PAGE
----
His every step tampered with the natural balance of things. Death was inevitable.
Rolling his shoulder, he shook off the imagined burn of the implant heating beneath his skin. The sterling triquetra embedded to the left of his spine marked him as property of Delphi, the reigning governor of Hell. Part of Nathaniel’s initiation into soul harvesting had been a vow of service to Delphi. Dark vows stamped into his memory.
Forget all you know of Heaven, for you have forsaken it. Hell is your home now, and I am your new master. Mortals are ours to patrol and ours to punish. Form no attachments. Their lives are fleeting and intervention in their deaths is forbidden.
Nathaniel’s vows were sealed with blood—both his and Delphi’s. As the first fallen angel recruited for Delphi’s campaign against mortal corruption, Nathaniel wielded power second only to the master seraph. Unique even among his fallen brethren, Nathaniel was the Weaver of Souls.
A duty he would have never asked for and a title he would have never wanted.
But who among his brethren would he burden with his tasks? None deserved to know how mortal souls felt once they had been stripped bare, shredded, and repurposed. Harvesters wore their wings with gratitude. Wings he had woven, wings fashioned from the souls of the damned.
Yet if Nathaniel did more than watch this tragedy unfold from the sidelines, Delphi would retrieve the shears and toss him in one of the soul pits burning on Hell’s borderlands for eternity.
Mercy was not in Delphi’s—or his—vocabulary. Justice, vengeance…those were words they knew. Why should they care if a few mortals faded from existence? After all, the human body served only as temporary housing for the soul. Their forms weren’t meant to weather eternity.
He should leave, not continue his downward slide into the ravine, toward the wounded mortals, but he wanted…what? A bird’s-eye view of a different kind of death than the sort he dealt in? He had been the cause of it often enough to know with unfailing accuracy how those final living moments would play out.
He leaped the last several feet to the bottom and sucked in a reverent breath at the sight before him. A wavering aura bathed his bleak surroundings in sunset colors.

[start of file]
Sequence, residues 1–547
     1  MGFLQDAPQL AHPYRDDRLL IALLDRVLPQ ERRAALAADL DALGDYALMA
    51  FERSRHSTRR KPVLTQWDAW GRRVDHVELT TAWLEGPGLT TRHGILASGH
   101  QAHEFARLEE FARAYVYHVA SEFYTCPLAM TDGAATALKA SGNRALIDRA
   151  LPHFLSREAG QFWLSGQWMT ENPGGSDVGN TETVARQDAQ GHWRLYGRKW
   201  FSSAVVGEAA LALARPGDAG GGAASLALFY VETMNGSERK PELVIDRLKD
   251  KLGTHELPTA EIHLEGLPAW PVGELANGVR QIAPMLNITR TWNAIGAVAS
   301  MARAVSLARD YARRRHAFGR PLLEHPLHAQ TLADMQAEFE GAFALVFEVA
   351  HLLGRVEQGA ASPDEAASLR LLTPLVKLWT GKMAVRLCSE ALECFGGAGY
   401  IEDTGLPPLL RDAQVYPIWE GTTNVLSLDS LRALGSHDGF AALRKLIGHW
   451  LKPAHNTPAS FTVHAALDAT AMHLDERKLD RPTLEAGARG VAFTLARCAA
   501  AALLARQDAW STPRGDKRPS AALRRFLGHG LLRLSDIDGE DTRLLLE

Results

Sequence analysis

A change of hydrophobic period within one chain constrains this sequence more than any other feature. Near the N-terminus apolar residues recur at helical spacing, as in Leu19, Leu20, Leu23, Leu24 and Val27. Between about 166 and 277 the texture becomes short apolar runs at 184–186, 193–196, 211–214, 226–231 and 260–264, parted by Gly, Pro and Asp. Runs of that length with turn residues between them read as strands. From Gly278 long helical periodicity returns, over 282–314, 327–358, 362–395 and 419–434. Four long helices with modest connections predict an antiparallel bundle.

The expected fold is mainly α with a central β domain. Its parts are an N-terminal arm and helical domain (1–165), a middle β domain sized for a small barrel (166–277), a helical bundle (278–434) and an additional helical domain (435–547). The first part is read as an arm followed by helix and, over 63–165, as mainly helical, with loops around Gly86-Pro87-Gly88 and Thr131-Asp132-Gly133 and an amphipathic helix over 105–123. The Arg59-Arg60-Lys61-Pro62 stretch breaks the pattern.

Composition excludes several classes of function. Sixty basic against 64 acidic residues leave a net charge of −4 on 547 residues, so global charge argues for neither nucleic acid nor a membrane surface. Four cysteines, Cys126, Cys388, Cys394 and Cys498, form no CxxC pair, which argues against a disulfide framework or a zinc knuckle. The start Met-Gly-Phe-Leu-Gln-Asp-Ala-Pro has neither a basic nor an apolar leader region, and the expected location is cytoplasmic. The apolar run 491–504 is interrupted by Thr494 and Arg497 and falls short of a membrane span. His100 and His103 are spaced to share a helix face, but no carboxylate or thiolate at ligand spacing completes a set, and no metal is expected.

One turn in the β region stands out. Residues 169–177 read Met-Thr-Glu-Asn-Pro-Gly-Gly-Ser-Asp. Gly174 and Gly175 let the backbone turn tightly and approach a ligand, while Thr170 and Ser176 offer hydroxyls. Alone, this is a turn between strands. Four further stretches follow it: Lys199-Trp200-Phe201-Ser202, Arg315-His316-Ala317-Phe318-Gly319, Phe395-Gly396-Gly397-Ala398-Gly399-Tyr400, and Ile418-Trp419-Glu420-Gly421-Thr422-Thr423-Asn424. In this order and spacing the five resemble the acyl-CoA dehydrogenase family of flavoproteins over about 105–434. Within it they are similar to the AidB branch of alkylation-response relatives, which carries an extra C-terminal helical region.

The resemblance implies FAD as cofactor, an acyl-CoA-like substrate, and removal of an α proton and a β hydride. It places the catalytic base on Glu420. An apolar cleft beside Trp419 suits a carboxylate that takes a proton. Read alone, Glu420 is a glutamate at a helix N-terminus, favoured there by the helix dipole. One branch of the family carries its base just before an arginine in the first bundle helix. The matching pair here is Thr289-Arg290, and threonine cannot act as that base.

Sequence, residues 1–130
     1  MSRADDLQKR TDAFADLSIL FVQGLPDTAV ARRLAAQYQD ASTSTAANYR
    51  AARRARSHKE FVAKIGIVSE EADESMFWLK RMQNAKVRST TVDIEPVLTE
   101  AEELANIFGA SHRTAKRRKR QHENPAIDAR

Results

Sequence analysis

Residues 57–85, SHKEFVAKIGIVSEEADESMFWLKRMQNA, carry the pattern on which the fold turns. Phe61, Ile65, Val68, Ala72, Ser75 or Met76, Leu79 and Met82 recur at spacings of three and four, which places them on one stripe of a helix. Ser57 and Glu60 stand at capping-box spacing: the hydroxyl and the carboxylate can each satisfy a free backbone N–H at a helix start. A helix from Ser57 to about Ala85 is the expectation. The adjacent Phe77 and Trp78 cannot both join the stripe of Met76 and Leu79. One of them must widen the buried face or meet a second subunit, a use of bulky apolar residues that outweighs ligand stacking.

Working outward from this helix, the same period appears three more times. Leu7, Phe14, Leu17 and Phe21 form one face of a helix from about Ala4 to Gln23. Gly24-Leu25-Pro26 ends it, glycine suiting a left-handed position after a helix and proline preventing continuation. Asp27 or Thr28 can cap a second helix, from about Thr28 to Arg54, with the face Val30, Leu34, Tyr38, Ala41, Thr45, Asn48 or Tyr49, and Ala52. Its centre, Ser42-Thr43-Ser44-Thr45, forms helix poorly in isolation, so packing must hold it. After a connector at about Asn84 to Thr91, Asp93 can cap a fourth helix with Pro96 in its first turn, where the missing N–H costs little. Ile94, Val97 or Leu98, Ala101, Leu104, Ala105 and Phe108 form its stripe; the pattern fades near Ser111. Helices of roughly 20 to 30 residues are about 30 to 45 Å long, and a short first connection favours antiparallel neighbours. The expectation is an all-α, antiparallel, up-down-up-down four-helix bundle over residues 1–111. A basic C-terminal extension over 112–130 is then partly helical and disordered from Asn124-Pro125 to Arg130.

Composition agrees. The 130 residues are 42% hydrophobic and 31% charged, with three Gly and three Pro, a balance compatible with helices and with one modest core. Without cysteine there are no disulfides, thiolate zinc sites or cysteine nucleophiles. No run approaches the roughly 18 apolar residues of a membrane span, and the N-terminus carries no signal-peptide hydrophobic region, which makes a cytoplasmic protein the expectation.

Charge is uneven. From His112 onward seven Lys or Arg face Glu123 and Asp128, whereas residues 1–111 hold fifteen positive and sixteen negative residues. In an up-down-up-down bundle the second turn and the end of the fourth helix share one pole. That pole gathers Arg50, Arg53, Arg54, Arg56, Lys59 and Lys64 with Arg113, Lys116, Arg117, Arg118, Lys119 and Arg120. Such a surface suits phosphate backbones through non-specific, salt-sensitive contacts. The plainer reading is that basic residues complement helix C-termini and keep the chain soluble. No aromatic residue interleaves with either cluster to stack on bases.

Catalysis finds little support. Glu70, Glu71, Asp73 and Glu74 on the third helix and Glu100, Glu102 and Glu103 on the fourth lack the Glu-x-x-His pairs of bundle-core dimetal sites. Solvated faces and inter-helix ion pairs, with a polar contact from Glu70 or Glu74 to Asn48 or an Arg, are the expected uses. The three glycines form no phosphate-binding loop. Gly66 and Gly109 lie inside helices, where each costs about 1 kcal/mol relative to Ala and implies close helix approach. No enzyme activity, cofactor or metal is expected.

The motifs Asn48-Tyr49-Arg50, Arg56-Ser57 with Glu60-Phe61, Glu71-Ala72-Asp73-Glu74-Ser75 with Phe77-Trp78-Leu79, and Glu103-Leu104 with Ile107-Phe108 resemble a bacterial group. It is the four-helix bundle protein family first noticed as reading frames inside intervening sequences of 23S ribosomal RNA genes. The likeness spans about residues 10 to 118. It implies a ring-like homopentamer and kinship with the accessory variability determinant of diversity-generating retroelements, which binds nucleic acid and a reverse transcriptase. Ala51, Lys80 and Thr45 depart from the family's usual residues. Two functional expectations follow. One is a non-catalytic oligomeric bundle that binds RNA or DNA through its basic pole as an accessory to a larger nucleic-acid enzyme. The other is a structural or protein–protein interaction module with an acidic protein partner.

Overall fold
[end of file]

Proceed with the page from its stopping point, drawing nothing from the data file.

Homesickness speared through his chest. Aeristitia.
Except that in Heaven’s first city, this sight would go unnoticed. When standing on streets constructed from flawless clouds set in gilded skies, even the shimmer of rainbow souls paled in comparison to their surroundings. Streets cobbled with golden pavers, houses erected of snowy marble, even the trees were frozen in eternal bloom. Aeristitia was called Paradise for a reason.
Nathaniel’s new existence was monochromatic by comparison. Here on Earth, everything seemed muted, darker, and hungrier. He’d grown used to it, though, and learned to thrive amid the mortal chaos. What that said about him, he didn’t want to know. What he did know was that he hadn’t seen anything so beautiful in an achingly long time.
Circling the van, he found the aura’s source lying in an ever-widening puddle of her own blood. The nape of his neck prickled and he returned his gaze skyward. He couldn’t be caught here. The loss of his shears would cripple him. Assuming his shears were all Delphi took from him. His life, well…he wasn’t worth much without those shears.
As he turned on his heel to go, the woman’s pained whimper froze him in place.
“Please…help.” Her chest rattled when she spoke.
Those two words shattered something in his chest. How easily he’d dismissed his mark’s pleas, but hers sank hooks into his heart and tugged. He glanced over his shoulder and found he couldn’t look away a second time. Approaching her with caution, Nathaniel gave himself time to reconsider. Dropping to his haunches, he stared at her aura’s unfamiliar spectrum. His job meant dealing with only the foulest offerings of mankind. Her purity of spirit humbled him.
The woman’s eyes blinked open. Her irises were the color of dark chocolate. “You’re…an angel?”
“Afraid not.” He hadn’t been one in too many of man’s ages to count.